Mouse lines light up the brain’s off switch

Researchers have engineered 20 mouse lines that allow them to manipulate genes in specific neuronal circuits. The resource, reported 22 September in Neuron, will allow researchers to better explore the role of interneurons, which dampen signals in the brain, in mouse models of autism. 

By Jessica Wright
16 November 2011 | 2 min read
This article is more than five years old.
Neuroscience—and science in general—is constantly evolving, so older articles may contain information or theories that have been reevaluated since their original publication date.


Lit location: New mouse lines allow researchers to restrict the expression of a fluorescent protein to an autism-associated family of neurons.

Researchers have engineered 20 mouse lines that allow them to manipulate genes in certain families of neurons. The resource, reported 22 September in Neuron, will allow scientists to better explore the function of key brain circuits in mouse models of autism1.

“[The technique] provides a powerful way to dissect what changes occur in which cells, and to track pathogenesis at a level that has not been possible before,” says lead researcher Josh Huang, professor at Cold Spring Harbor Laboratory in New York.

Each of the 20 new mouse lines targets a different set of inhibitory neurons, which dampen signals in the brain. Several studies have implicated interneurons that express the chemical messenger gamma-aminobutyric acid, or GABA, in autism. These findings underlie the hypothesis that autism could result from an imbalance between excitation and inhibition in the brain.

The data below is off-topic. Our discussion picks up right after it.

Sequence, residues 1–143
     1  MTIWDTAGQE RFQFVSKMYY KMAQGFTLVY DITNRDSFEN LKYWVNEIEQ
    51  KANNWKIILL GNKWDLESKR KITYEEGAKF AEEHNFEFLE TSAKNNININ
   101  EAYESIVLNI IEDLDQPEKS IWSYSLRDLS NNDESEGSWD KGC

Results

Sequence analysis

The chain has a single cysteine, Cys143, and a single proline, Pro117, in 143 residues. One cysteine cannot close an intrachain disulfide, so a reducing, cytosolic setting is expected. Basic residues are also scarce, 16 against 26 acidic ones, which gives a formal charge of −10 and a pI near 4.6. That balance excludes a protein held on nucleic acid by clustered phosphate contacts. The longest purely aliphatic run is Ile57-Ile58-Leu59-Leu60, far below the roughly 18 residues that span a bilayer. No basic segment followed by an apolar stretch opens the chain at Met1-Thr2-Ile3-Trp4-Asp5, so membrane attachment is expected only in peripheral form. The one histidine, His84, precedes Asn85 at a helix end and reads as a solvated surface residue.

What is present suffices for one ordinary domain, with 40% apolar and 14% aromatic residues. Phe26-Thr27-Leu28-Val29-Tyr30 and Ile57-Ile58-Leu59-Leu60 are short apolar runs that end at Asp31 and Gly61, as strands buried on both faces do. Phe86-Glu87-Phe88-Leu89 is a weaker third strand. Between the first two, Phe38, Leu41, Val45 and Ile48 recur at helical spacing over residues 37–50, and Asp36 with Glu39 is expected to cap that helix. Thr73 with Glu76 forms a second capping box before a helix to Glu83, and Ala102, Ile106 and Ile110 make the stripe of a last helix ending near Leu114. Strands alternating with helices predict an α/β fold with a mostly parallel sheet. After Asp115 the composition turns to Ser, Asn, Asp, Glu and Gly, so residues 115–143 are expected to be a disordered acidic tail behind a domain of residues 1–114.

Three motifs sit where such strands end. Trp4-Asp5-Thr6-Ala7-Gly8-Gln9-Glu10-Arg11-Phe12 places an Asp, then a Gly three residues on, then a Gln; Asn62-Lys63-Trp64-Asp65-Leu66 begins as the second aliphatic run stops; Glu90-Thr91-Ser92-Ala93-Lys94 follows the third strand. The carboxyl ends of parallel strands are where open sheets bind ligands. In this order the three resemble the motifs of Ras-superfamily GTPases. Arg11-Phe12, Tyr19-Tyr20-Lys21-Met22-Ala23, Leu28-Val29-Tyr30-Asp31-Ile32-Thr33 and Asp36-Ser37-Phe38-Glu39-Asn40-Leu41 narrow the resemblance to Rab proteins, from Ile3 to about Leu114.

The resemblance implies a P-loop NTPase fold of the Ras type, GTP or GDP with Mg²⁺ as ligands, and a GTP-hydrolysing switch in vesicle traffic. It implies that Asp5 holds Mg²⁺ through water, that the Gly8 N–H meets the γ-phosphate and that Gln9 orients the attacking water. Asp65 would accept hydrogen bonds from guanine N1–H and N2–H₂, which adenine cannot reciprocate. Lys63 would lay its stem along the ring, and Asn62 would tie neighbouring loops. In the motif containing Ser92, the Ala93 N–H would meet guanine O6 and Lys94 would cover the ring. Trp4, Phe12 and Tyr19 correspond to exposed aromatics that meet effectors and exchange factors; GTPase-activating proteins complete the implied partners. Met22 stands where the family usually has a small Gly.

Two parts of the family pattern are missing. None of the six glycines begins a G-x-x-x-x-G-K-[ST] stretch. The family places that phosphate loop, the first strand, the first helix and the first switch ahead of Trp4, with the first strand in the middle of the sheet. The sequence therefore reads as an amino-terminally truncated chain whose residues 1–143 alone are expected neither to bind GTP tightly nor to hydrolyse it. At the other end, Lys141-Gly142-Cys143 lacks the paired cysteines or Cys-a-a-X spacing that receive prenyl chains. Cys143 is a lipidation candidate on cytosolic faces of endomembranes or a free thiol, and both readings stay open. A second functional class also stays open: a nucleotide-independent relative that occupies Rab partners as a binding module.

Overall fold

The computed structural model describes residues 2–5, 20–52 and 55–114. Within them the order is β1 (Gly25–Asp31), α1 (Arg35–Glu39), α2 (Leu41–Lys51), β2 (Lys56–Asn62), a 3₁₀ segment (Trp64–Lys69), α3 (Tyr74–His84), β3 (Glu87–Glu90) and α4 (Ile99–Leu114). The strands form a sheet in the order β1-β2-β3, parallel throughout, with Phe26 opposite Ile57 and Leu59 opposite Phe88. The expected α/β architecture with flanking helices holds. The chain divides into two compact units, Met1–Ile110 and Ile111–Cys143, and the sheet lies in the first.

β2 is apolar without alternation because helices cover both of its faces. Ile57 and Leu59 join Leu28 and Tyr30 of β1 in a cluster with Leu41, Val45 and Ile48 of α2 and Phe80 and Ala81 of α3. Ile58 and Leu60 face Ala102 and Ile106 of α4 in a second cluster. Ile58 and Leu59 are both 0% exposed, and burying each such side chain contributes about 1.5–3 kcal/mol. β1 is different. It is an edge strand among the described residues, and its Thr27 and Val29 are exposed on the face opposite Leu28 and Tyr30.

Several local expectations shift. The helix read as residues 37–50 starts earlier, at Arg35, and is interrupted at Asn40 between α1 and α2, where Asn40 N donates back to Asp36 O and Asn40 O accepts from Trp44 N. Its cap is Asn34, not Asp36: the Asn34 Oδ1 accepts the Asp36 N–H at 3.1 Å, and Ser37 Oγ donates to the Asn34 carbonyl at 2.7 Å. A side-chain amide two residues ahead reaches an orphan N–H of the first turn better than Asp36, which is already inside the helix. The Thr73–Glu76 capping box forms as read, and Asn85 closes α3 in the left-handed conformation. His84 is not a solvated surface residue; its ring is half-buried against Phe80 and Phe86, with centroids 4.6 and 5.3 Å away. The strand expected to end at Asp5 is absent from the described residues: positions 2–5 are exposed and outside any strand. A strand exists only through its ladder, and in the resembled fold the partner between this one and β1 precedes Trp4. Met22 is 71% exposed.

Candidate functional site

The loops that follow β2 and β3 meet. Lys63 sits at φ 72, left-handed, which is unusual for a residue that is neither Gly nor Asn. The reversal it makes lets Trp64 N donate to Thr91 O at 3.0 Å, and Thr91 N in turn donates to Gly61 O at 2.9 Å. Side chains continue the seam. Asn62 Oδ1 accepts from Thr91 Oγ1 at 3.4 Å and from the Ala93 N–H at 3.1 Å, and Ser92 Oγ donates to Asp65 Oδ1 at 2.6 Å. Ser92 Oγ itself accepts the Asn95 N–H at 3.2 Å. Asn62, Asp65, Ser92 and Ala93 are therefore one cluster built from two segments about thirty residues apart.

In the new study, researchers created a series of mouse lines that each express Cre, a protein that functions as a switch for gene expression. Researchers can use Cre to manipulate the expression of genes, adding fluorescent tags to proteins, deleting candidate genes, or even adding a protein that primes neurons to fire when exposed to light.

By targeting Cre to regions of the genome that are only expressed in certain classes of interneurons, the researchers can restrict these gene manipulations to specific circuits in the brain. For example, two mouse lines express Cre along with GAD1 or GAD2 — genes that synthesize GABA — allowing researchers to manipulate gene expression only in neurons that produce the chemical messenger.

Another of the mouse lines targets Cre to GABA neurons that express parvalbumin. Still another alters genes expressed at specific stages in development to track how subtypes of neurons migrate through regions of the brain as they mature.


1: Taniguchi H. et al. Neuron 71, 995-1013 (2011) PubMed